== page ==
So, first to Arad. But my guy from Vrsac tells me that taking into consideration that he is now a taxi driver in a foreign country, I should better take a Romanian taxi to Arad. I somehow dislike that, I am scared to be without him, and he finds me a solution with a Romanian colleague driver who would go in front of us for 20 German marks and we would follow him. First, we leave to Temisoara railway station, so that I buy tickets for Arad-Budapest train. However, there I found out that foreigners can only buy tickets at one place in the city, and not at the station. The Romanian taxi goes first, and we follow it. Here we are at that place. I enter, marble gall, marble pillars, a counter on the first floor, as high as my nose. I hop to see the clerk. I answer a number of questions: who I am, what I do, why I am in Romania, why I go to Hungary. The tickets are written by hand, for hours, slowly. I pay with German marks, and I start to feel a new kind of fear, paranoia; I feel uncertain, as if I am guilty of something. The clerk, ice cold, no smile, finally hands me the two tickets. I leave for Arad. Works on the road, everything is slow, nobody dares to say anything, a lot of police. Strange. The only support is the yellow Dacia in front of us, with the Romanian taxi driver who waves and smiles friendly from time to time. We arrive to Arad around two hours before the train leaves. The station is in the centre of the city, but the tax driver tells us how he took us the longer way. Later, at the restaurant, I would find out that he is an English language teacher, that he has a wife, a ballerina who works in a show factory, and a seven-year old daughter, that they live hard in Romania, but he would say all of this in a beautiful, fluent English, with a smile, a proof that life finds its way well and gracefully even where it is destroyed. He tells us that he took us to the station following a longer way, but also along beautiful streets, through a line of neglected Ugric beauties, between the tree lines with some golden, cinnamon color. Not a single unlocked toilet at Arad station, in the restaurant, you won’t believe me, nothing but vodka in a cardboard package, like a children’s juice, with a straw! There is no water, because there are no glasses. Some kid sold us several cans of Coca-Cola. We sat down. I feel the Romanian taxi driver is ashamed and embarrassed. I told him that I would always remember his birth city for its beautiful long street that we passed. He laughs and feels a bit better. Leaving, he kisses Dora’s and my hand. So, our Vrsac taxi driver, whose name I forgot to ask and dad leave us at platform numbe one, because we don’t know how late the train will be and both taxi drivers want to go back home. I look at dad, I see his fear and I don’t know how to calm him down. The taxi driver will return him to Vrsac, he promises me that, since it would already be nighttime when they arrive, he would stay at his place and the next day he would take the bus to Belgrade. “By the time you’re home”, I tell him, “we’ll already be in Amsterdam, don’t warry and take care”. And so, Dora and I remain alone, confused and scared, I admit. We must not fall asleep in the train, the taxi driver from Vrsac warned us, because the thieves would take your shoes from your feet in that train.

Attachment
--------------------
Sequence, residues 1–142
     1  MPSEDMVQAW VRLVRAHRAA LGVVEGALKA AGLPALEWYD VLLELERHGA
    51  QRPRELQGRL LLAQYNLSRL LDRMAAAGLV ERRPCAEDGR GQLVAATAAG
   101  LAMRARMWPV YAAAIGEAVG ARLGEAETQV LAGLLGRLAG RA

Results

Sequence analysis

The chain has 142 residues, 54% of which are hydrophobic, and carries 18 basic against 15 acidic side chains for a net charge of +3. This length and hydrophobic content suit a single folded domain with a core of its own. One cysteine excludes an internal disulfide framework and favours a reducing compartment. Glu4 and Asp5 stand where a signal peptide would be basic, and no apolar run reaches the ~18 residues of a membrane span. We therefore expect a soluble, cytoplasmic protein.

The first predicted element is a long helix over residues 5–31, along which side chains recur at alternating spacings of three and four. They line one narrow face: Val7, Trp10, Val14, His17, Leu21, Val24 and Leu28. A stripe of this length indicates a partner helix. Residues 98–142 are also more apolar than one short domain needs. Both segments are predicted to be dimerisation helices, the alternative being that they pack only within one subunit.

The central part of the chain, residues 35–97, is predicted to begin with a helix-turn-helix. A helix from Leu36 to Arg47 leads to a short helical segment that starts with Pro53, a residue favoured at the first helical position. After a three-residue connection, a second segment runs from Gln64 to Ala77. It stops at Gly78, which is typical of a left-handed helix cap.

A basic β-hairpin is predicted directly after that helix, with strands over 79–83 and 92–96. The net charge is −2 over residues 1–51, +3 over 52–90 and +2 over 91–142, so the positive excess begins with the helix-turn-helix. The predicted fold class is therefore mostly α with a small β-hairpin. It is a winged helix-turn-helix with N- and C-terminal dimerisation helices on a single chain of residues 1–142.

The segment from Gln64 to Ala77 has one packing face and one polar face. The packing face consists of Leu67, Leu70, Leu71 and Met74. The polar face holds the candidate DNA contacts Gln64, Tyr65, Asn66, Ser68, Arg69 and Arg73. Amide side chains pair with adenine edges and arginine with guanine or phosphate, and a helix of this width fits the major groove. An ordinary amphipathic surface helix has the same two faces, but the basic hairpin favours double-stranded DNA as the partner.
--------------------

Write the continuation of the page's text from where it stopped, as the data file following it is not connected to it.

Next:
TWO ADVANTEROUS STORIES ABOUT RETURNING STOLEN KIDS